2. The 16th Wisconsin Infantry Regiment arrived at Savannah Tennessee on 19 March, having completed a major portion of the trip aboard the steamer, Planet. On March 20th, the 16th Wisconsin accomplished the final nine miles of the voyage, debarked at Pittsburg Landing (with 1065 men, having left sick men behind at Mound City General Hospital) and went into camp... with John McArthur's 2nd Brigade of Smith's Second Division. After about a week (about March 30th) the 16th Wisconsin was detached from McArthur (who is now a Brigadier General, and under arrest) and re-assigned to a new division being formed. But, all that existed at the end of March 1862 was a single brigade, commanded by Everett Peabody, consisting of a handful of infantry, including the 25th Missouri, 12th Michigan and 16th Wisconsin. The embryonic Division Number Six does not even have a division commander: Colonel Peabody fills that role, too; and establishes camp three miles south-southwest of Pittsburg Landing (IAW instructions received directly from General Grant.) On April 1st the man "selected" for command of the New Sixth Division arrived (not Grant's choice, as he wants John Pope Cook, who on April 1st is at Cairo Illinois, awaiting transport south.) But the man who arrived at Savannah on this day was selected by Henry Halleck: Benjamin Prentiss, who likely arrived aboard steamer Iatan (which is loaded with tons of ammunition and black powder for use of Grant's Army.) But, there exists "bad blood" between Benjamin Prentiss and Ulysses Grant, stemming from Prentiss "stealing" command and recognition "rightfully" belonging to Grant, which resulted in two direct confrontations, only resolved when the Commander in Missouri separated the two antagonists. General Prentiss was sent west, and General Grant was sent east; and so the matter rested... until now. Now, here was Brigadier General Prentiss reporting for duty to Major General Grant (no chance of "not knowing who was senior, this time.") How could "that meeting" between Grant and Prentiss have progressed? [My guess: official. Very official.] Tension so thick it could be scraped off the walls of the Cherry Mansion... Did Prentiss even get a chance to say anything, besides, "reporting for duty, General" and initiating the salute? Probably, after Grant acknowledged the official greeting. And then demanded to know, "Where have you been, General Prentiss?" (Because Grant knows that Prentiss detached from duty in Missouri on March 15th, and arrived at Cairo on March 23rd.) And General Grant used that knowledge to "assign" Benjamin Prentiss to Command of the Sixth Division through Special Orders No.36 -- dated March 26th. A command, without its commander... Maybe, with a bit of luck, Grant can charge Prentiss with "Unauthorized Absence," and place him under arrest (and remove him from command of the Sixth Division.) Benjamin Prentiss was likely able to talk his way out of difficulty, by revealing the "special assignments" he had carried out for General Grant's boss, Henry Halleck. Perhaps Grant was disappointed, losing the chance to arrest Prentiss, remove him from command, and "resolve their festering dispute, once and for all" ...especially with John Pope Cook so close at hand. But, no matter: there was still a chance, if Prentiss did anything to upset the operation of the Camp at Pittsburg Landing (such as, "not follow the orders issued by Brigadier General W.T. Sherman, acting commander" during the temporary absence of C.F. Smith, who was just upstairs, recuperating from an injured leg.) In particular, Brigadier General Prentiss would be advised to "be aware of new orders, issued daily" (and carry them out); "do not send away sick men from this command without permission." Do not send anyone away without express permission from this Headquarters. "Buell is on his way; once he arrives, we will commence our march to Corinth and engage the enemy." There are known to be battalions of Rebel cavalry hovering in vicinity of the Camp at Pittsburg Landing: they are not a threat, and are of no concern to us. What is of concern, is a directive sent from Henry Halleck: "Do nothing to bring on a General Engagement." Grant probably finished with: "Do you have any concerns that will prevent you from carrying out these instructions, General Prentiss?" Having no concerns worth mentioning, General Prentiss takes his leave, with a salute. That same day (definitely no later than April 2nd) Prentiss met Everett Peabody. And Grant issued General Orders No.33 assigning artillery and cavalry to Prentiss (by name.) On April 3rd, Benjamin Prentiss selected Lieutenant Richard Derickson of 16th Wisconsin, just returned from "special duties" (retrieving the now-healthy men from Mound City General Hospital, for duty at Pittsburg Landing), to be Sixth Division Quartermaster. On April 4th, Captain A.S. Baxter (Grant's QM) assigned steamer Iatan to serve as Commissary and Quartermaster Boat for the Sixth Division; and acknowledged assignment of Lieutenant Derickson as AAQM for the Sixth Division. [The Iatan was the boat Lieutenant Derickson rode to Savannah on April 1st; the same boat General Prentiss (likely) arrived aboard... and the (likely) place Prentiss met Derickson (and knew to appoint him as Division QM when the time arose.) Again, jus supposin'... Ozzy References: Quiner's Scrapbooks, volume 5, pages 210 - 240. [On file Wisconsin Historical Society] Kevin Getchell's Scapegoat of Shiloh (2013) for Derickson and Baxter documents. OR 11 pp. 87 - 88. SDG (various) but especially "Sherman's Shiloh Map" (for location of camp of 16th Wisconsin in March 1862.)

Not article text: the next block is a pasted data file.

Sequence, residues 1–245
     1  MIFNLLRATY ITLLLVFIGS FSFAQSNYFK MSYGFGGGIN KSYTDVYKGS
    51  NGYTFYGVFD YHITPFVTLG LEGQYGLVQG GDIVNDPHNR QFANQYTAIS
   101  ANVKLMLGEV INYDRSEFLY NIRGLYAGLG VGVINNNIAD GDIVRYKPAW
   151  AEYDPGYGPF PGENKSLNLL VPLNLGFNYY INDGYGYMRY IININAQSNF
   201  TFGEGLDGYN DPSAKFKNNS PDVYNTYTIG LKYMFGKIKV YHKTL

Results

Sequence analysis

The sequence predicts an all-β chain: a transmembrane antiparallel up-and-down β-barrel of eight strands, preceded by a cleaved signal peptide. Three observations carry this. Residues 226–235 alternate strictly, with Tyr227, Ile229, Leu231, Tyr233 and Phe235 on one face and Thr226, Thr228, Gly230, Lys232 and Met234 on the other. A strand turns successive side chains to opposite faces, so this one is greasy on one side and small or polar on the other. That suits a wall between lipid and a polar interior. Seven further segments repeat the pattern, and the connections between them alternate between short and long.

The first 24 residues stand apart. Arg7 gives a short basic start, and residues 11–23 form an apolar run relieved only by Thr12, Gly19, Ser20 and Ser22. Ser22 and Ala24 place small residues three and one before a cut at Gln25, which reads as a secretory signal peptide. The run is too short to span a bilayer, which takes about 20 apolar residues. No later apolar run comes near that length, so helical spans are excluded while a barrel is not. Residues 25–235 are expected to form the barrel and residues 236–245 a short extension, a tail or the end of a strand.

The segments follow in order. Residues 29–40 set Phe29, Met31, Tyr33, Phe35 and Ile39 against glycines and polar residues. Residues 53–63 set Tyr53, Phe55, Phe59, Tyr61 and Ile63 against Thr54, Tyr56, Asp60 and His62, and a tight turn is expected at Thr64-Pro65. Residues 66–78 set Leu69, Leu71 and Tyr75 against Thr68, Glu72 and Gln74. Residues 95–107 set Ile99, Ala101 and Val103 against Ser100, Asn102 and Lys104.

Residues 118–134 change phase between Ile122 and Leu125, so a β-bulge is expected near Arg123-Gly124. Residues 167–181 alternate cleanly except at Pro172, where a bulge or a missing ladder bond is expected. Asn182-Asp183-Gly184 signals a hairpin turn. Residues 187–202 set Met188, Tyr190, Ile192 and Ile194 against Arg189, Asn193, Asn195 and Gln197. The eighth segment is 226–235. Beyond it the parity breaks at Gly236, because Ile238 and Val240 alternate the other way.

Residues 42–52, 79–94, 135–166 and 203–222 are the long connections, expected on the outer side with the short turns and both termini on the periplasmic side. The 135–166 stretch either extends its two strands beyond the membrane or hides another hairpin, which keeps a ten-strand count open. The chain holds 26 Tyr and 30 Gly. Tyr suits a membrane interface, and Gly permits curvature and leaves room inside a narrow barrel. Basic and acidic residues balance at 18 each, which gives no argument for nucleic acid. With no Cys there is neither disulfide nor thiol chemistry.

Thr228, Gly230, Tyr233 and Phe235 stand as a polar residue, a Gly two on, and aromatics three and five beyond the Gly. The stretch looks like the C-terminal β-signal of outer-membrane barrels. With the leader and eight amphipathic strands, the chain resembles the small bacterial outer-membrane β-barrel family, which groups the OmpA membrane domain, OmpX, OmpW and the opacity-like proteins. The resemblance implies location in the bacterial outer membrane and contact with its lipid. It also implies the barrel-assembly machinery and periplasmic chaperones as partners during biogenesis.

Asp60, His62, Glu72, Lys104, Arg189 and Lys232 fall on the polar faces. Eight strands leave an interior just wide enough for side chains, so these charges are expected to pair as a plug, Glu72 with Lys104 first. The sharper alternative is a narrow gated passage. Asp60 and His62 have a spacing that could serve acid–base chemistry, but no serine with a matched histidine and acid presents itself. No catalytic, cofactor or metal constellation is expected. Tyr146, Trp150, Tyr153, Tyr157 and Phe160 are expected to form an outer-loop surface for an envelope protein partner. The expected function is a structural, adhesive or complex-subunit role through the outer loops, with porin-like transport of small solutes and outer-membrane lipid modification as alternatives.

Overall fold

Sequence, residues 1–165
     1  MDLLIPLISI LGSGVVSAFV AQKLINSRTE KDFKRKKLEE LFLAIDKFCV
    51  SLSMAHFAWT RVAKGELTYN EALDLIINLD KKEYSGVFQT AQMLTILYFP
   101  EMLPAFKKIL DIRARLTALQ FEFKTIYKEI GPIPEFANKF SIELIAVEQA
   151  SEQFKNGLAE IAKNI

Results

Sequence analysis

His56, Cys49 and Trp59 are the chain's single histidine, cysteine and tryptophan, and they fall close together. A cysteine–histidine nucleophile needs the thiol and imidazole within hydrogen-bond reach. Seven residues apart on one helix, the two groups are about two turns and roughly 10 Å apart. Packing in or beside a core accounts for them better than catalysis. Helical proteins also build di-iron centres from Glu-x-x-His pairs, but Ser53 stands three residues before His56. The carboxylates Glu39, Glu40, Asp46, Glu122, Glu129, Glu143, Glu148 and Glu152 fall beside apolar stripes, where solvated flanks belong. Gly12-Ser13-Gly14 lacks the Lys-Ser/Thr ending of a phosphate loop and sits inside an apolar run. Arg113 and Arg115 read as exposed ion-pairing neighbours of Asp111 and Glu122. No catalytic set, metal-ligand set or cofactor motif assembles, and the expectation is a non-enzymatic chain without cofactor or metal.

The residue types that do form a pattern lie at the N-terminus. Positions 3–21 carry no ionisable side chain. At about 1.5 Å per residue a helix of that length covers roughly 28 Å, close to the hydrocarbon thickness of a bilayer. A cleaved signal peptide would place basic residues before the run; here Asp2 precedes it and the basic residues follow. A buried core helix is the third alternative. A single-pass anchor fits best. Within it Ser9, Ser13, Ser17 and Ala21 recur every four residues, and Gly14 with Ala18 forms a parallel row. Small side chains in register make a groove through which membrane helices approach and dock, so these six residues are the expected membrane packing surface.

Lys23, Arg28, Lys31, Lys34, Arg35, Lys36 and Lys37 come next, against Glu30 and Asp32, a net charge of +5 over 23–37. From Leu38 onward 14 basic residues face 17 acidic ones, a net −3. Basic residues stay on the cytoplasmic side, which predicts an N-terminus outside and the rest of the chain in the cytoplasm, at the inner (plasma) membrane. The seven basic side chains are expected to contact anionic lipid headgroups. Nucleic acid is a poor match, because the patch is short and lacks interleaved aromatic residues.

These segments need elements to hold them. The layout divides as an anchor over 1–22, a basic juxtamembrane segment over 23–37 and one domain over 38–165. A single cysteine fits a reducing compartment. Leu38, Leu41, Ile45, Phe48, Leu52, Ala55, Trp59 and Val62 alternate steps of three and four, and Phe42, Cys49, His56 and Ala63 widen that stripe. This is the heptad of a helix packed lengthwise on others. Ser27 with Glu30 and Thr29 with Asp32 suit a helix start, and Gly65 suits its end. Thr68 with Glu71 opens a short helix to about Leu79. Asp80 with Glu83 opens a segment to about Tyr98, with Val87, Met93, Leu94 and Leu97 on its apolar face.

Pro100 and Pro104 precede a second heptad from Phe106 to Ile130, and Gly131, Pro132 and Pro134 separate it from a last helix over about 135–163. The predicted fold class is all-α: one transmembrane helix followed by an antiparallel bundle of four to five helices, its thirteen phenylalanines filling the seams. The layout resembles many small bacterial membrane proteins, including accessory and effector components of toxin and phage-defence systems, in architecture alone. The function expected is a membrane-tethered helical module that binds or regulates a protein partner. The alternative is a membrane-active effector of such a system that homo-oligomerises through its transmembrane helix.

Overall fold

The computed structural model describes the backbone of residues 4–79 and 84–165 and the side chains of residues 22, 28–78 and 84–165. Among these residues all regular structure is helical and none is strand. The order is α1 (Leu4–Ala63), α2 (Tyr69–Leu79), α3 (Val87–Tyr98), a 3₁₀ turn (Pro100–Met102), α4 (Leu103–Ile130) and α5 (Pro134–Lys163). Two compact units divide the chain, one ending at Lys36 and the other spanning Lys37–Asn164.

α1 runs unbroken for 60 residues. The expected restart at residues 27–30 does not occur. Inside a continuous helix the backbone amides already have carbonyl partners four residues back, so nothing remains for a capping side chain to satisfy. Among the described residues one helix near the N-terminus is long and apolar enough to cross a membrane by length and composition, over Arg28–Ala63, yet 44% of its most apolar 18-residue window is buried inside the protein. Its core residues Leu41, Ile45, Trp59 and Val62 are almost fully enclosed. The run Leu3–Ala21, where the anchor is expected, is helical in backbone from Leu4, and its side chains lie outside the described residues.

3. Hello everybody, I have a question about the actions of the 16th Wisconsin on the morning of 6 April. Now I think the general consensus is that one of its companies, Company A led by Capt. Edward Saxe, was returning from its picket station at the same time that Col. Moore was leading the relief column forward to assist Powell, and that on Moore's orders Saxe's company fell in with his relief column, Saxe being given the choice of falling in on the right or left, with Saxe choosing the right. When the combined force advanced across Seay Field and was fired upon, the initial volley killing Capt. Saxe and Sgt. John Williams of Company A, a skirmish developed but once the shooting petered out and it was felt that the skirmish was over Powell's patrol as well as Company A/16th Wisc. withdrew carrying the bodies of Saxe and Williams in gum blankets. All that is pretty much agreed upon. Now is where things get complicated. According to the after-action report of Col. Benjamin Allen, commander of the 16th Wisconsin, he was alerted at his tent by Prentiss who ordered him to get his regiment in line, and he did so and they moved forward 80 rods (~440 yds.) to the front of their camp and waited there in a thicket in line of battle. http://ebooks.library.cornell.edu/cgi/t/text/pageviewer-idx?c=moawar;cc=moawar;idno=waro0010;node=waro0010%3A2;view=image;seq=303;size=100;page=root The problem is that according to Lt. Col. Woodyard's report (replacing the wounded Col. Moore) when his 21st Missouri was in position facing the rebels by itself temporarily, after the withdrawal of Saxe's company and Powell's patrol, he was soon joined by four companies of the 16th Wisconsin, which he says arrived without their field officers. He specifically mentions there being four companies of that regiment that arrived to assist him after his regiment had been left by itself, not the whole regiment coming up at once and falling in beside him. http://ebooks.library.cornell.edu/cgi/t/text/pageviewer-idx?c=moawar;cc=moawar;idno=waro0010;node=waro0010%3A2;view=image;seq=301;size=100;page=root For his part, Col. Allen makes no mention of four of his companies already having gone forward when he assembled (the balance of) his regiment on Prentiss's orders. Reading his report gives one the impression his entire regiment was assembled and then went forward as a whole. He doesn't say this in so many words but he neglects to mention four companies being already in line before he was aware of it, probably (in my opinion) an omission due to not wanting to admit that four of his companies were already up in line ready to fight before he was even aware of it. That would be kind of embarrassing I suppose. Nevertheless it distorts the picture by making it seem like his whole regiment was assembled and brought forward at the same time. Apparently four of his companies were already assisting Woodyard, and my guess would be that it was the four companies of the 16th Wisconsin which had been assigned picket duty that morning (one of which was Saxe's Company A). What follows is, according to the best I can figure, what most likely occurred with the 16th Wisconsin that morning. This is not carved in stone, this is just the best that I can come up with for what the 16th Wisconsin was doing. 1.) Capt. Saxe's Company A joins Moore's relief column, fights alongside it until it appears the skirmish is over then withdraws carrying the bodies of Saxe and Williams; Companies B, C and D (I think) were the other three companies on picket that morning but apparently they must have come back to camp by a slightly different route than Saxe's company because just about all accounts have only Company A/16th Wisc. spotting Moore's column and falling in with it. Anyway while Company A was going back to the front with Moore's column Companies B, C and D were going back to camp. 2.) The four companies (including the late Saxe's Company A) were back in camp eating breakfast when alerted to the (larger) danger of a larger attack than just a skirmish, and those four companies, including the late Saxe's Company A, are the four companies which Woodyard reported as coming up to assist him. According to the War Papers Read Before the Commandery of the State of Wisconsin, Loyal Legion of the United States it says on pg. 54 that it was Capt. Fox of Company B, 16th Wisc. who came running into camp and alerted the other companies which had been on picket but were now eating breakfast. https://books.google.com/books?id=5-ASAAAAYAAJ&pg=PA51&lpg=PA51&dq=D.+Lloyd+Jones+The+Battle+of+Shiloh+Reminiscences+of+D.+Lloyd+Jones&source=bl&ots=qLOHYrCYUC&sig=N8IACawCUYQZnr4Ux5H2pi0r67U&hl=en&sa=X&ved=0ahUKEwii_aiE_tvPAhVJ2yYKHX93BvkQ6AEIHDAA#v=onepage&q&f=false 3.) As these four companies head to the front to assist Woodyard Prentiss finds Col. Benjamin Allen at his tent and orders him to get (the balance of) his regiment in the line. 4.) Allen brings the remaining companies of the 16th Wisconsin forward and the four companies that had been in picket then on line earlier reunite with the balance of the regiment about 80 rods in front of their camp where Allen says his regiment formed in line of battle to await their enemy's appearance. Does that sound right to you all? The only problem with this version of events is Capt. Fox of Company B yelling "Company A is fighting and we must go and help them!" which makes me wonder what time this was happening, since Company A returned to camp with the bodies of Saxe and Williams and was eating breakfast along with the other three companies that had been on picket as near as I can tell, rather than still being in the line. This version doesn't account for the withdrawal of Saxe's Company A and then Company A as well as B, C and D then coming forward to assist Woodyard. Fox made it sound like Company A was still in the line. Not sure. What do you folks think?